Like Water for Chocolate:
The Important Role of Food
Full of love, passion, family tradition and mouth-watering recipes, Laura Esquivel's "Like Water for Chocolate" is seasoned with magical intensity that will leave your heart boiling. This book expresses the value of true Mexican family tradition and how a girl's passion for cooking can affect the loved ones around her. Tita, a girl who is destined to a solitary life due to family customs, is brought into the world in what comes to be the one and only way she knows how to express herself. She was born on the kitchen table and was raised by the sweetest smelling meals known to man. Un-denounced to her, she was meant to remain in the kitchen, where she would become a servant until the death of her mother. As the plot thickens, magical events unfold and the reader begins to wonder about the importance of recipes, which helps show, Tita's emotions.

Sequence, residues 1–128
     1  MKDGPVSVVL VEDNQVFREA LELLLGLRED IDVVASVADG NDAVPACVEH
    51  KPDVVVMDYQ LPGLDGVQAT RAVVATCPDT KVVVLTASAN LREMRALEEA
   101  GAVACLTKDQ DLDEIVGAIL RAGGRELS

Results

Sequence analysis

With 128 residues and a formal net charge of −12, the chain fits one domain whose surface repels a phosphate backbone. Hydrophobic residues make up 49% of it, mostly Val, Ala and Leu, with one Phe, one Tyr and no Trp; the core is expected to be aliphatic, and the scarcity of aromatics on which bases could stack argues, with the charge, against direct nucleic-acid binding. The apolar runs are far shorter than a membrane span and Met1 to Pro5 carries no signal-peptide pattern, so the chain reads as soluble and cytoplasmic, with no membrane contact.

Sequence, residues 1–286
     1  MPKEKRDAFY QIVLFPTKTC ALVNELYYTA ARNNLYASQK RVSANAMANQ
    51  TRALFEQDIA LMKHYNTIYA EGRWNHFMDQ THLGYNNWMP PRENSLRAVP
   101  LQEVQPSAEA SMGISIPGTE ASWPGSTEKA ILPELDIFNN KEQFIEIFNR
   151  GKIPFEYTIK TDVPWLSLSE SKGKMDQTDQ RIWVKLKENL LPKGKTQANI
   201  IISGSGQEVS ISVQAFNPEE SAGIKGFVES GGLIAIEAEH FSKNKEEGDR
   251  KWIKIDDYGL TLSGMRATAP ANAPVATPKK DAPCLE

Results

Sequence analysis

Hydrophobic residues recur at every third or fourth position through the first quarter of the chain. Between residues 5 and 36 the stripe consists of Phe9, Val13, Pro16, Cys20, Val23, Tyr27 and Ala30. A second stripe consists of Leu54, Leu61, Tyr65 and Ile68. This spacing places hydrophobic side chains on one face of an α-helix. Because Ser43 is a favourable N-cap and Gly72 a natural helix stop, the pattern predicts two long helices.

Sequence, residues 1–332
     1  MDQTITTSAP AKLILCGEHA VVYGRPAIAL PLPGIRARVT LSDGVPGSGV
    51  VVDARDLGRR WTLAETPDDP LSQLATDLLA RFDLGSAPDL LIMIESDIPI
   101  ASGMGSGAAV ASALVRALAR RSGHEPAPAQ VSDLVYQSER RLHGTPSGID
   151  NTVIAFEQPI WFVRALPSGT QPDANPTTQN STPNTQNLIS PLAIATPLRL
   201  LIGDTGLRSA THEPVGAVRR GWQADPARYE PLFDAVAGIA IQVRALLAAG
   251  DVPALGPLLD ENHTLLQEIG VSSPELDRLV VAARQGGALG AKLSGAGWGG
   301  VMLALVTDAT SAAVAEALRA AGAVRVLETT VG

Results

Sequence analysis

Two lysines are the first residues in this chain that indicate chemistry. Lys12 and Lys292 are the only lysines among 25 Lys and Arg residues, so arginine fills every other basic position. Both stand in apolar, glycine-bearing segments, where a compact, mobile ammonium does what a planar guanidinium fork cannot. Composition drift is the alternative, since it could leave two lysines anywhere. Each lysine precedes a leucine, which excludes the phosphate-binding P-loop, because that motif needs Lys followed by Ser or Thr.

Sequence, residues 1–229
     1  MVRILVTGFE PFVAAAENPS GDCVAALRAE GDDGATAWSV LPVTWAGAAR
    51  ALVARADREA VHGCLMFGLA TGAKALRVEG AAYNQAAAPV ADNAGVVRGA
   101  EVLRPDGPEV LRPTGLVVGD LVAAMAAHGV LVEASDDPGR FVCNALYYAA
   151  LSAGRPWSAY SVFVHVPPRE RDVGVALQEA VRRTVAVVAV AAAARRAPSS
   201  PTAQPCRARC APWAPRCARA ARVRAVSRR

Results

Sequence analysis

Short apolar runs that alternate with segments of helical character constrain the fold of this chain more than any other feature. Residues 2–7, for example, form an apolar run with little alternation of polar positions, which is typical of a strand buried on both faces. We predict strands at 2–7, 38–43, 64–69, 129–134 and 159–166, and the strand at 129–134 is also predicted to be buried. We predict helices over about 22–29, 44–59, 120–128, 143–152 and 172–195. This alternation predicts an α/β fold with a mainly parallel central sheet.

The use of food in this novel has numerous meanings, and Laura Esquivel uses each and every one with careful thought and planning. First Esquivel expresses the importance of the De La Gaza customs when Tita is offered the hand of Pedro, but must refuse when Mama Elena says, "you know perfectly well that being the youngest daughter means you have to take care of me till the day I die" (Esquivel 10). Tita is devastated by this inhumane tradition and becomes extremely saddened. Mama Elena is very strict on this idea because it had been an unbroken tradition, which is made obvious when she says to Tita, "For generations, not a single person in my family has ever questioned this tradition, and no daughter of mine is going to be the one to start" (11). This is a very important ritual to Mama Elena and no matter how cruel it seems she is determined to follow through on it. The tradition carries out through the story and when Tita becomes sick of the horrible destiny that lies before her, she addresses the issue to Mama Elena in a disrespectful manor. Tita says...
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